Deputy editor Angela Sharda talks to Ruth Lester, honorary consultant plastic surgeon at Birmingham Children’s Hospital and Birmingham Women’s Hospital, about the challenges she faced in setting up a specialist clinic and her journey into surgery.
Ruth Lester worked her magic treating children who had suffered from trauma or needed reconstructive surgery for 26 years.
A member of The British Society for Surgery of the Hand, she holds the position of honorary consultant plastic surgeon at Birmingham Women’s and Children’s NHS Foundation Trust. She has also led the way in setting up national data collection initiatives to help identify the surgical outcomes of hand injuries in the UK.
Lester also helped set up a charity, the Children’s Hands and Arm Surgery (CHARMS), to raise funds for children’s hand and upper limb procedures at Birmingham Children’s Hospital. Now retired, Lester, 69, says she has learned to knit and crochet in order to still ‘do something with her hands.’
Another one of her interests is delving deep into music and being part of an orchestra, The European Doctors Orchestra, which raises money for charity.
‘I thought: I’ve just got to have a go at surgery’
Initially, Lester was set to study electronic engineering – until she was advised to choose medicine by her local GP. And, while she had always been intrigued about what makes things function, she thought it would be ‘a bit warmer’ to work with the human body.
Her father was the headmaster of a primary school and Lester says there was initially ‘a little resistance’ when she announced that she would like to go to medical school, as there had never been a doctor in the family.
Despite this, Lester says her family was very encouraging. She obtachained a waiting list place at the medical school at the University of Sheffield but also applied to and was accepted as a cadet by Volunteer Service Overseas (VSO). She wrote to the university and asked them to defer any place that may be offered to her and they agreed to give her a conditional offer, appreciating the value of being a volunteer for a year.
Lester initially thought she should go down the more conventional route and choose general practice as there were not many women in surgery at the time. She worked in paediatrics for a year but found it difficult to watch children be ill when she felt there was not enough she could do to truly help.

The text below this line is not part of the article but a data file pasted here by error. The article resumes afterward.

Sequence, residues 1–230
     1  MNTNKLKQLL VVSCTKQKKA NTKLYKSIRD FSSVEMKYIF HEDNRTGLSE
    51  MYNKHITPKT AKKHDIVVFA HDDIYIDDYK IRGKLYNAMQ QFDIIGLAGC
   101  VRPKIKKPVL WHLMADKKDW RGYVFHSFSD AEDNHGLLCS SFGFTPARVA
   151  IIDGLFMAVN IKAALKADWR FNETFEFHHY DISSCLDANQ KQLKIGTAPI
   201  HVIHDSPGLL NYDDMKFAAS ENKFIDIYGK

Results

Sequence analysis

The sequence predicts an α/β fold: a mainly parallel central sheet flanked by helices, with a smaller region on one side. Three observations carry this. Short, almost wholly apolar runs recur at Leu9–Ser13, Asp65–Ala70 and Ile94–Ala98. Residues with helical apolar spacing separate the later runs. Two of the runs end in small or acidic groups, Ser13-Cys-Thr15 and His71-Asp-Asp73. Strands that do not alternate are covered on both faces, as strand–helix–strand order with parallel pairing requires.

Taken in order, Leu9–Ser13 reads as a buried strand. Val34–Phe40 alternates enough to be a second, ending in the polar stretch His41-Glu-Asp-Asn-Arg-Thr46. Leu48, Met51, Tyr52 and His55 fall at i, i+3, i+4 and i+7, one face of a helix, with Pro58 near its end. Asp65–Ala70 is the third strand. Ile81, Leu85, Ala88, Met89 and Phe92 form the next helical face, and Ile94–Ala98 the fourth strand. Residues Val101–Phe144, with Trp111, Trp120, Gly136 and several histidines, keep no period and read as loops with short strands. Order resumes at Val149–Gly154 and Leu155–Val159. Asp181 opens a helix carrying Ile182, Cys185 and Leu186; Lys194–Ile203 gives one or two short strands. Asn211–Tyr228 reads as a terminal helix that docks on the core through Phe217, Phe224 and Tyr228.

She wasn’t able to care for them with her hands, she said: ‘It was all general care and medication. I thought: I’ve just got to have a go at surgery and I was always interested in the hands, they are so complex and we use them all the time.’
Lester began her consultant career as a burns surgeon at Birmingham Accident Hospital, with some general plastic surgery sessions at Sandwell District General Hospital, which she joined in 1988. She also did work at Birmingham’s Royal Orthopaedic Hospital before starting at Birmingham Children’s Hospital in 1999.
‘The hospital is very short on space’
Earlier this year, Lester was awarded an OBE in recognition of her commitment to developing a specialist unit at Birmingham Children’s Hospital.
The specialist service, set up in the early 1990s, employs a combination of experts ranging from orthopaedic surgeons, neurologists and radiologists to geneticists, therapists and psychologists and began at Sandwell District General Hospital and Royal Orthopaedic Hospital. From seeing 200 children at the turn of the millennium, the team today cares for more than 600 young people a year.